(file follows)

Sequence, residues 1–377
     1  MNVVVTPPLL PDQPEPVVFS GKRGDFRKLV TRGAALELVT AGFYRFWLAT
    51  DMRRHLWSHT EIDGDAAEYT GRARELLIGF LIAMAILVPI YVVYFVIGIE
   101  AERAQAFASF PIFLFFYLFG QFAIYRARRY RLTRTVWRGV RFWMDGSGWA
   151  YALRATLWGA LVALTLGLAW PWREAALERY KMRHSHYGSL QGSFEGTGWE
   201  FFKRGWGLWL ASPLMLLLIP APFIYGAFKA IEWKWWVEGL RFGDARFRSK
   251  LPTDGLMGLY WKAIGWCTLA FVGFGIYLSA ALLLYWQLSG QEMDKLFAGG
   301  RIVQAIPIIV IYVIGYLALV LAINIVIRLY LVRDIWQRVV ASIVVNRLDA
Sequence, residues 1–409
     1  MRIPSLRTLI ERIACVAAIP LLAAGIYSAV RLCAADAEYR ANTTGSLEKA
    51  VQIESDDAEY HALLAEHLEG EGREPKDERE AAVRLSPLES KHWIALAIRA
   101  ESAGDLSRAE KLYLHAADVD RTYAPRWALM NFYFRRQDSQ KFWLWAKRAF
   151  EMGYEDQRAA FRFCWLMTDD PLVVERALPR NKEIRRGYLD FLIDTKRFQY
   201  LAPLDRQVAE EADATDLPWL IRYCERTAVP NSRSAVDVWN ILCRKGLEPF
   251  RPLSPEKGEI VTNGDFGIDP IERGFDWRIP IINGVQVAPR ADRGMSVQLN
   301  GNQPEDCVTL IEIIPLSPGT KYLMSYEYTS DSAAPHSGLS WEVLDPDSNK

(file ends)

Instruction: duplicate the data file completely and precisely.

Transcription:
Sequence, residues 1–377
     1  MNVVVTPPLL PDQPEPVVFS GKRGDFRKLV TRGAALELVT AGFYRFWLAT
    51  DMRRHLWSHT EIDGDAAEYT GRARELLIGF LIAMAILVPI YVVYFVIGIE
   101  AERAQAFASF PIFLFFYLFG QFAIYRARRY RLTRTVWRGV RFWMDGSGWA
   151  YALRATLWGA LVALTLGLAW PWREAALERY KMRHSHYGSL QGSFEGTGWE
   201  FFKRGWGLWL ASPLMLLLIP APFIYGAFKA IEWKWWVEGL RFGDARFRSK
   251  LPTDGLMGLY WKAIGWCTLA FVGFGIYLSA ALLLYWQLSG QEMDKLFAGG
   301  RIVQAIPIIV IYVIGYLALV LAINIVIRLY LVRDIWQRVV ASIVVNRLDA
Sequence, residues 1–409
     1  MRIPSLRTLI ERIACVAAIP LLAAGIYSAV RLCAADAEYR ANTTGSLEKA
    51  VQIESDDAEY HALLAEHLEG EGREPKDERE AAVRLSPLES KHWIALAIRA
   101  ESAGDLSRAE KLYLHAADVD RTYAPRWALM NFYFRRQDSQ KFWLWAKRAF
   151  EMGYEDQRAA FRFCWLMTDD PLVVERALPR NKEIRRGYLD FLIDTKRFQY
   201  LAPLDRQVAE EADATDLPWL IRYCERTAVP NSRSAVDVWN ILCRKGLEPF
   251  RPLSPEKGEI VTNGDFGIDP IERGFDWRIP IINGVQVAPR ADRGMSVQLN
   301  GNQPEDCVTL IEIIPLSPGT KYLMSYEYTS DSAAPHSGLS WEVLDPDSNK